He is Our Peace

Title: He is Our Peace

[Audio http://ab86qw.bay.livefilestore.com/y1p3AY6bZAFFbmNOJjJ2oNq0BjYDYsJzfm9sunCwOxQcnPirLtYAtJ06_7tceupjYMUgAcnZMyJ-lkYV9IxGoZJIA/12-21-08heisourpeace.mp3%5D

Text: Micah 5:2-5, Matthew 2:1-12

Date: December 21st, 2008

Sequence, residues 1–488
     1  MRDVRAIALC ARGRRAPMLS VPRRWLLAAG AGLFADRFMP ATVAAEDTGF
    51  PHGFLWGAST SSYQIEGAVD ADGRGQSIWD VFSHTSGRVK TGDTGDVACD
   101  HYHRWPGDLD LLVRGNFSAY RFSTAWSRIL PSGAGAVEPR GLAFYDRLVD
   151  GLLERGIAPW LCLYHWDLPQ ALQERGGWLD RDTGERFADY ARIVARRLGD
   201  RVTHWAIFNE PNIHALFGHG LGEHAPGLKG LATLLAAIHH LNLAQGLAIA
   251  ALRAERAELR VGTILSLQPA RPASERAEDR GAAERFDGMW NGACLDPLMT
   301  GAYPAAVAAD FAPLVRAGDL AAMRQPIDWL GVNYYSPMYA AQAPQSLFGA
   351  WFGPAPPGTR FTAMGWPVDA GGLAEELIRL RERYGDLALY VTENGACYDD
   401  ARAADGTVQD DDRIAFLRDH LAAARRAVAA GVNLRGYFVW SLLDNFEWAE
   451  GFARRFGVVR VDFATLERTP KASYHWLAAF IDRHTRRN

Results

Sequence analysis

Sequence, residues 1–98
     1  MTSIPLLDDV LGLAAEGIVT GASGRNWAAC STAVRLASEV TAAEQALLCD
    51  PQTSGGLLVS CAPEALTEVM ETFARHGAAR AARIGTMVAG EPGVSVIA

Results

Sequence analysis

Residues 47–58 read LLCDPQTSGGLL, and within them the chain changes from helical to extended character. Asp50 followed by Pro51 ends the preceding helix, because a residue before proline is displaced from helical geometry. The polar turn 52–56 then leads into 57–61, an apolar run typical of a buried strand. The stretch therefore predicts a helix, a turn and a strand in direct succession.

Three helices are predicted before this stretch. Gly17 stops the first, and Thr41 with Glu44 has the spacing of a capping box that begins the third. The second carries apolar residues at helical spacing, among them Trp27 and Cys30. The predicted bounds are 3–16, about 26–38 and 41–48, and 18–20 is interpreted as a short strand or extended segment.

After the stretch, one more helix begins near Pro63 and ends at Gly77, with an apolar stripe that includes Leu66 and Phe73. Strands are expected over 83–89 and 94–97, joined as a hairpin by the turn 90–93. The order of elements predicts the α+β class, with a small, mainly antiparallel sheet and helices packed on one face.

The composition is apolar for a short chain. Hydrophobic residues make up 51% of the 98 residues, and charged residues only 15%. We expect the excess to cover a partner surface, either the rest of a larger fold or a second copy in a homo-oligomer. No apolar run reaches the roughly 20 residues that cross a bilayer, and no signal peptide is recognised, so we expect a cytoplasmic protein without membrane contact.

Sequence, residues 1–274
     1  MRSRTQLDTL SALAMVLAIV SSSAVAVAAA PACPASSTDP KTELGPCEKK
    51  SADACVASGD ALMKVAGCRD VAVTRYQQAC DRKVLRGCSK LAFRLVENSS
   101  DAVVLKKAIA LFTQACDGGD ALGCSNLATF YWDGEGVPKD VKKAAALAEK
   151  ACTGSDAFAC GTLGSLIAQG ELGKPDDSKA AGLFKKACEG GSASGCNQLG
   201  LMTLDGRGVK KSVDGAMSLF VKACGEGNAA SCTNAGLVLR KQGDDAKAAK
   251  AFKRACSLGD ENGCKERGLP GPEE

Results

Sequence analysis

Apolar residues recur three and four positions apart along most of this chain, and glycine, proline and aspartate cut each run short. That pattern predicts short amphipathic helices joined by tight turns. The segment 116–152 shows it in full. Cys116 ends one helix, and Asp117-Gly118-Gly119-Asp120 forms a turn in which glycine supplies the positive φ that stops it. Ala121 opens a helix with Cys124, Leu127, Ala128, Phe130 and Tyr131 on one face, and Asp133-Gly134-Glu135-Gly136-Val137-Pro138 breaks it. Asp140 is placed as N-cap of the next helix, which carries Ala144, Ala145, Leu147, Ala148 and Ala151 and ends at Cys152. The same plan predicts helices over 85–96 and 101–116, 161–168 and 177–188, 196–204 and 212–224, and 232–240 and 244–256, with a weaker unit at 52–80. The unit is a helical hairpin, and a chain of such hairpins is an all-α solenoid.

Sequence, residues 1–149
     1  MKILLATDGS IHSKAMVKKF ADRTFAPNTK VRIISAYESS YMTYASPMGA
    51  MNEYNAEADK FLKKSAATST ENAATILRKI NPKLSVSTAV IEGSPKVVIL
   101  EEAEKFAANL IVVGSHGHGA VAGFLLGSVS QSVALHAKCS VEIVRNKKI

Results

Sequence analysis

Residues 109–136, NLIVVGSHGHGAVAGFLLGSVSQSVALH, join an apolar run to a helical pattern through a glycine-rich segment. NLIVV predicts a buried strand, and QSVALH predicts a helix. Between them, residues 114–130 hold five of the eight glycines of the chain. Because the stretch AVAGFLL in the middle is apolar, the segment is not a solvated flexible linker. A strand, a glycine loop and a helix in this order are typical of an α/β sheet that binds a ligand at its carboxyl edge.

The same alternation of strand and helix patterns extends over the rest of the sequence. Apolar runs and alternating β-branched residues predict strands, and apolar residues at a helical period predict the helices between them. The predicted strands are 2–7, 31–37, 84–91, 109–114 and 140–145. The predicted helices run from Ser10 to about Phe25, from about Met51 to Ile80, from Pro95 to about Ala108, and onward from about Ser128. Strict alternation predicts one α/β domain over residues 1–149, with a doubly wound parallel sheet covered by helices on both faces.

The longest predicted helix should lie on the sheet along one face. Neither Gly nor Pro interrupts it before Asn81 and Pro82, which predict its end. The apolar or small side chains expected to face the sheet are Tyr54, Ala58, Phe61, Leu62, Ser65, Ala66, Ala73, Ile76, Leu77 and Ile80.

Recently I was reading along in the Old Testament, in the prophet Micah, from the famous verse that is mentioned also in the New Testament Christmas account of the baby Jesus found in Matthew, “But you, Bethlehem Ephrathah, though you are small among the clans of Judah, out of you will come for me one who will be ruler over Israel, whose origins are from of old, from ancient times,” Micah 5:2. It’s a prophecy concerning the birth of the Messiah Jesus in Bethlehem. It’s embedded in the Christmas Nativity account we read in Matthew 2:1-12 (read). Now usually when I read this prophecy I stop at the end of Micah 5:2, but for some reason I kept reading on in the passage and found that the prophecy doesn’t stop at verse 2 but rather keeps on going; there’s more to the prophecy than only one verse! Listen to the next three verses, “Therefore Israel will be abandoned until the time when she who is in labor gives birth and the rest of his brothers return to join the Israelites. He will stand and shephered his flock in the strength of the Lord, in the majesty of the name of the Lord his God. And they will live securely, for then his greatness will reach to the ends of the earth. And he will be their peace.” There’s so much here that could be said, but I’d like to focus on a few points as it pertains to all of us living today in these modern times with all the economic, political and societal problems. Aside from the famous prophetic prediction of the birth of Jesus in Bethlehem, the most interesting part of the verse is found in verse 5, “And he will be their peace.” When I hear the word “peace” mentioned around Christmas time I think immediately of the verse in Luke 2:13-14, “Suddenly a great company of the heavenly host appeared with the angel, praising god and saying, ‘Glory to God in the highest, and on earth peace to men on whom his favor rests,” or as the KJV reads, “And suddenly there was with the angel a multitude of the heavenly host praising God and saying, ‘Glory to God in the highest, and on earth peace, good will toward men.’” Peace on earth, Goodwill towards men. That’s a famous sentence, understood and recognized by millions and millions of people all over the world. It speaks of peace. And as we know elsewhere, Jesus is also called the Prince of Peace. Another reference to peace. So it’s interesting that we find a description of peace in the Micah 5 prophecy. What does it mean? I’d like to explain, because wouldn’t we all benefit from more peace? Isn’t peace of mind, peace of soul, marital peace, family peace, and peace among nations something everyone wants today? What is the most wished for request from the Miss America, Miss World and Miss Universe pageant contestants? World Peace, of course! But everyone, everywhere longs for peace, personal peace and peace in every other area of life also. According to the prophecy, it will only come through the Messiah Jesus. Let me say three things about the Micah prophecy.